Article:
Salem Radio Network News Monday, September 26, 2022

Business

Oil steadies as IEA hikes 2022 demand growth forecast

By Ahmad Ghaddar

LONDON (Reuters) – Oil prices steadied on Thursday after the International Energy Agency raised its oil demand growth forecast for this year as soaring gas prices drive some consumers to switch to oil.

Brent crude futures slipped 7 cents, or 0.1%, to $97.33 a barrel by 0829 GMT, while U.S. West Texas Intermediate crude futures eased 9 cents, or 0.1%, to $91.84.

“Natural gas and electricity prices have soared to new records, incentivising gas-to-oil switching in some countries,” the Paris-based agency said in its monthly oil report, in which it raised its outlook for 2022 demand by 380,000 barrels per day (bpd).

A rise in U.S. oil inventories last week and the resumption of crude flows on a pipeline supplying Central Europe capped further price gains, however.

U.S. crude oil stocks rose by 5.5 million barrels in the most recent week, the U.S. Energy Information Administration said, more than the expected increase of 73,000 barrels.

Gasoline product supplied rose in the most recent week to 9.1 million barrels per day, though that figure still shows demand down 6% over the past four weeks compared with the year-ago period.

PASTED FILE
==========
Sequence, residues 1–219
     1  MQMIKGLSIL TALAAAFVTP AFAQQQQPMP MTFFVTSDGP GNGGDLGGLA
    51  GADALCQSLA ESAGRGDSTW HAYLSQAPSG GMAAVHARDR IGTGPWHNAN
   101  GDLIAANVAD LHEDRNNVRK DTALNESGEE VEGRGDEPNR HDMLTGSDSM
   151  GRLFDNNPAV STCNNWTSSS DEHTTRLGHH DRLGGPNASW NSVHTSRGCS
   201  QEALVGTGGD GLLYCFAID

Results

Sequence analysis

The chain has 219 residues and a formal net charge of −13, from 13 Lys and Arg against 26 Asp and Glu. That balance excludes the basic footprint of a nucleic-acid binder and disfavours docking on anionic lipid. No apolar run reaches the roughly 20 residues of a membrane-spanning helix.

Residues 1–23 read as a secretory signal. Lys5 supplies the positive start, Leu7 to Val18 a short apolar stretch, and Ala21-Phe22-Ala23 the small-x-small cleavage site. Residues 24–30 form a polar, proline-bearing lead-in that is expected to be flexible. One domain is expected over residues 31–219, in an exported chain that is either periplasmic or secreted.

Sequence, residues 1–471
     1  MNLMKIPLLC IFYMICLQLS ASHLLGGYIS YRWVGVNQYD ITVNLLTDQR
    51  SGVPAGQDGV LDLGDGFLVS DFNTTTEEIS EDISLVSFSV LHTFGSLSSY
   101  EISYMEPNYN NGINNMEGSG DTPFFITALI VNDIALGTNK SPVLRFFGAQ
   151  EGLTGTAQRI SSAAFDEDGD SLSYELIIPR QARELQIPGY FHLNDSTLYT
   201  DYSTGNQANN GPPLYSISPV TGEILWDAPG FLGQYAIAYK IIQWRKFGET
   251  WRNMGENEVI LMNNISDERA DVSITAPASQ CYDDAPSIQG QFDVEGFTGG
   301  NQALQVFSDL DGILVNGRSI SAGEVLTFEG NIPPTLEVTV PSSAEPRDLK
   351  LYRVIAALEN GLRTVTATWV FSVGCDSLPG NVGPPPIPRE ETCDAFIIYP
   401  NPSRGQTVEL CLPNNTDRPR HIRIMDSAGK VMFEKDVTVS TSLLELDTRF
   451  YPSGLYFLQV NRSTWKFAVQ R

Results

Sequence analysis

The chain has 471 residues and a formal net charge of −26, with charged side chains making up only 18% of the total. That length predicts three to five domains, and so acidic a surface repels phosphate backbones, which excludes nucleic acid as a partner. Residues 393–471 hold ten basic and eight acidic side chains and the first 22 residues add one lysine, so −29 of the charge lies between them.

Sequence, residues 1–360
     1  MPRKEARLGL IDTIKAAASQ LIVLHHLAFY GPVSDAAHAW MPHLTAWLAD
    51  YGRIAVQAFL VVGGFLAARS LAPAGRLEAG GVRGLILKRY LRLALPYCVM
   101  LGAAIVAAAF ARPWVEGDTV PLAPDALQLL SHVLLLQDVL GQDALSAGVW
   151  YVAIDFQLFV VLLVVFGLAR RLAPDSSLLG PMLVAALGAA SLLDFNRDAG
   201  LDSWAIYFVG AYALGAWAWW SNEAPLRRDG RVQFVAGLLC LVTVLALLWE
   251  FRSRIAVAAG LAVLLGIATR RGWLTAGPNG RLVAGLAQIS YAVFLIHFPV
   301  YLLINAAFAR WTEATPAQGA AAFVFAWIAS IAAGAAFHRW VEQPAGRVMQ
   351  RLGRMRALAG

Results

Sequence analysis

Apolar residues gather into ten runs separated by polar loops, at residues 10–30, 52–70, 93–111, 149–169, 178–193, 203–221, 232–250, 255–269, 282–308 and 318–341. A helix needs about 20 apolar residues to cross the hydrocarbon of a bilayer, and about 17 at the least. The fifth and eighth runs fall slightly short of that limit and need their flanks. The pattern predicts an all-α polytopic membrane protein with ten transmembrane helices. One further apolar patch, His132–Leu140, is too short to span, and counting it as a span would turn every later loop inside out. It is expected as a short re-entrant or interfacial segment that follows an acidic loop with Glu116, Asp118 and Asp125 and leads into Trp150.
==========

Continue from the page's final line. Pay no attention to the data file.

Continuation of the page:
The premium for front-month WTI futures over barrels loading in six months’ time was pegged at $4.38 a barrel on Thursday, the lowest in four months, indicating easing tightness in prompt supplies.

The resumption of flows on the Russia-to-Europe Druzhba pipeline further calmed market worries over global supplies.

Russian state oil pipeline monopoly Transneft restarted oil flows via the southern leg of the Druzhba oil pipeline. Ukraine had suspended Russian oil pipeline flows to parts of central Europe since early this month because Western sanctions prevented it from receiving transit fees from Moscow, Transneft said on Tuesday.

Meanwhile, physical oil prices around the world have begun to sag alongside futures, reflecting easing concerns over Russian-led supply disruptions and heightened worries about a possible global economic slowdown.

(Additinoal reporting by Muyu Xu in Singapore; Editing by Kim Coghill)

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